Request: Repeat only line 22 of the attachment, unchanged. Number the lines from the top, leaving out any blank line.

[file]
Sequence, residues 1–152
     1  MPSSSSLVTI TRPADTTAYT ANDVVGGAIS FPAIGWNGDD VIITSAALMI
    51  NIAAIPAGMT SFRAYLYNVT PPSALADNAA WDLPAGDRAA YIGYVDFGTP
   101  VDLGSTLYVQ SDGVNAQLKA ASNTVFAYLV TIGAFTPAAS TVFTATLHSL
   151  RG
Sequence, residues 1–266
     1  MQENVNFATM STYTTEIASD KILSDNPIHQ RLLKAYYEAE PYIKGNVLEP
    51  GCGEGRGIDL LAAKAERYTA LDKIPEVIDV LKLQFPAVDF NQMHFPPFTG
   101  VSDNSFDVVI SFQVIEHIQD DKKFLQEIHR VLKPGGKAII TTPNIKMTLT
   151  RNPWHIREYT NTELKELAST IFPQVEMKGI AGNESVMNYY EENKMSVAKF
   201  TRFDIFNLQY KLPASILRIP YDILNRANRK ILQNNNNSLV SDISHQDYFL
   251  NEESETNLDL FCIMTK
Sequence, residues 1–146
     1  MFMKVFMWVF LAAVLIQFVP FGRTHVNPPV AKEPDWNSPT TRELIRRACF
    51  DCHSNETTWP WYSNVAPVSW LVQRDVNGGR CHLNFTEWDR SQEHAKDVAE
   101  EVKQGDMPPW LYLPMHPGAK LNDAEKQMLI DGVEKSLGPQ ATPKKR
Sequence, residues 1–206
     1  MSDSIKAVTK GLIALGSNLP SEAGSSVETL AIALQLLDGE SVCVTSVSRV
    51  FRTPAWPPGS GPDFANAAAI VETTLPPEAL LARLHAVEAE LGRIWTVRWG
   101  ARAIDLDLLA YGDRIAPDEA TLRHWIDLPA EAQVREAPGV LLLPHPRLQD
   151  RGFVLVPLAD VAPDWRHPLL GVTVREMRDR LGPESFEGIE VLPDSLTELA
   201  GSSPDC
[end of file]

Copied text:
   201  GSSPDC